They help to minimize destructive chewing
The last thing you want is your shoes or furniture to be the object of your pup’s need to chew. Similarly, dogs can take excessive paw licking and other unwanted behaviors. This is especially true for anxious dogs and stressed dogs.
Bones are a safer chewing outlet to keep a dog occupied for a while and help them settle down. It’s a good idea to exercise your dog and then give them a bone to chew on for a while to help calm them before they need to settle for a nap or some crate time.
Step 2: Supervise your dog while they chew
All bones are choking hazards if they break apart. For this reason, you should monitor bone deterioration and take the bone away from your dog as soon as the size gets too small. Watching your dog closely as they chew also ensures that they don’t exceed the recommended 15 minutes of chew time.
What kind of bones can I give my dog?
The best bone you can give your dog is a fresh, meaty hard marrow bone or spongy femur bone from a large animal like a cow or bison. The bone should be too big to swallow and removed before your dog gnaws it down.
Cooked bones and smaller bones are prone to splintering. Pig bones are more likely to carry pathogens, and poultry bones tend to be brittle and splinter. This is especially true of turkey bones that are highly hollow and sharp.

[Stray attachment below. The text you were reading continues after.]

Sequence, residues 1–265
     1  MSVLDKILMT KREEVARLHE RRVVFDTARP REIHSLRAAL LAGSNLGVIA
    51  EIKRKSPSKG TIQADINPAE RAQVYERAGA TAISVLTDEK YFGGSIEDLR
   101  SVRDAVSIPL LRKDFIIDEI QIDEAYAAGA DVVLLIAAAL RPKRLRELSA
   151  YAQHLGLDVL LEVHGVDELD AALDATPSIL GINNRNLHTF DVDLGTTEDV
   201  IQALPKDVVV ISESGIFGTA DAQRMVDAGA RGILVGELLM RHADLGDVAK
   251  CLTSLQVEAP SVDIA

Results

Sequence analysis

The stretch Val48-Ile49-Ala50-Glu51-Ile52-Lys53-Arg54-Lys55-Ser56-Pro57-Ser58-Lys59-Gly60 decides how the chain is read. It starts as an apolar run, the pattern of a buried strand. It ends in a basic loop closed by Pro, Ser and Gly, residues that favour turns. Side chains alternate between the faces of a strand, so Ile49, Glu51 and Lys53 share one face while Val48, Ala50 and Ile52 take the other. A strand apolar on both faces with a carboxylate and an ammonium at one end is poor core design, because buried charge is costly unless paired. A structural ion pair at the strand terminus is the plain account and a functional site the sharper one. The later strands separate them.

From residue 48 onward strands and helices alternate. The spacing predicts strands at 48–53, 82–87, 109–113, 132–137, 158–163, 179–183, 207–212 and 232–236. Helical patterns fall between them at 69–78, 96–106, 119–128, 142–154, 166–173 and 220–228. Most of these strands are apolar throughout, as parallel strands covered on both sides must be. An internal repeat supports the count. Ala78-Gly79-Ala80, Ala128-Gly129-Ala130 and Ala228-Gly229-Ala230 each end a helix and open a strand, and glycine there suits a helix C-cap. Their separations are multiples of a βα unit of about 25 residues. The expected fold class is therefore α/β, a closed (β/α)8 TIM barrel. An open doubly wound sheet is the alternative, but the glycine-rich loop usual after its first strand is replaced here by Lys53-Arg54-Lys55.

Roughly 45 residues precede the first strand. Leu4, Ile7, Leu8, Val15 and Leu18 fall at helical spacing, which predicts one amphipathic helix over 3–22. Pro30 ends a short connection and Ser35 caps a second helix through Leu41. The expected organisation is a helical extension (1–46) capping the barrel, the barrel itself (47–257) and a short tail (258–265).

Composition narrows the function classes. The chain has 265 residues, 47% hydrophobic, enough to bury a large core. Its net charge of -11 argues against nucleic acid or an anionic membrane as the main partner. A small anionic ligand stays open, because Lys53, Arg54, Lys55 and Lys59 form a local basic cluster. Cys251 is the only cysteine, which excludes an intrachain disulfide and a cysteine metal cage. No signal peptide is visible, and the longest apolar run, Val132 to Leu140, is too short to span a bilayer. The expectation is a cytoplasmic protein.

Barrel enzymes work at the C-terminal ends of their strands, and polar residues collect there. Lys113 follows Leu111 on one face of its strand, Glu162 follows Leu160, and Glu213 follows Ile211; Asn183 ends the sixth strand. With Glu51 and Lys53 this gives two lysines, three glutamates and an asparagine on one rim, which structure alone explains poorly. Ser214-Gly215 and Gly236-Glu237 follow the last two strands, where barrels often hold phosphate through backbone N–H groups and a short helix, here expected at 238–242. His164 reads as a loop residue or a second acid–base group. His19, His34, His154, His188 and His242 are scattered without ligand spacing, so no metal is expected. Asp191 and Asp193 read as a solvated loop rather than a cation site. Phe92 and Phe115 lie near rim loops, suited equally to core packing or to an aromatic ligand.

Bone shards slice your dog’s gums and cause vomiting or gastrointestinal damage. Dogs that eat cooked bones or poultry bones are likely to suffer from windpipe, gastrointestinal, or esophagus blockage upon the accidental swallowing of the bone.
Other health hazards associated with splinter consumption are rectal bleeding, choking, peritonitis (bacterial infection in the abdomen from stomach punctures), and mouth or tongue injuries.
How often should a Dog chew a bone?
Watching a dog wag his tail and happily run off with a fresh bone to chew is one of those small amusements that make most people smile. Licking and chewing are natural habits for dogs of all breeds. It starts in early puppyhood out of curiosity as well as for teething purposes.
As they get older, chewing on hard objects like bones becomes a pleasurable pastime that removes plaque from the teeth while adding valuable calcium, vitamins, and minerals to a dog’s diet.
Some dogs enjoy chewing more than others and may chew unsafe objects if they aren’t given a healthy alternative. Many pet owners spend a considerable amount of money on chew toys and bones, but what are the limits for dogs and bones? It’s time to explore how long a dog should chew various types of bones.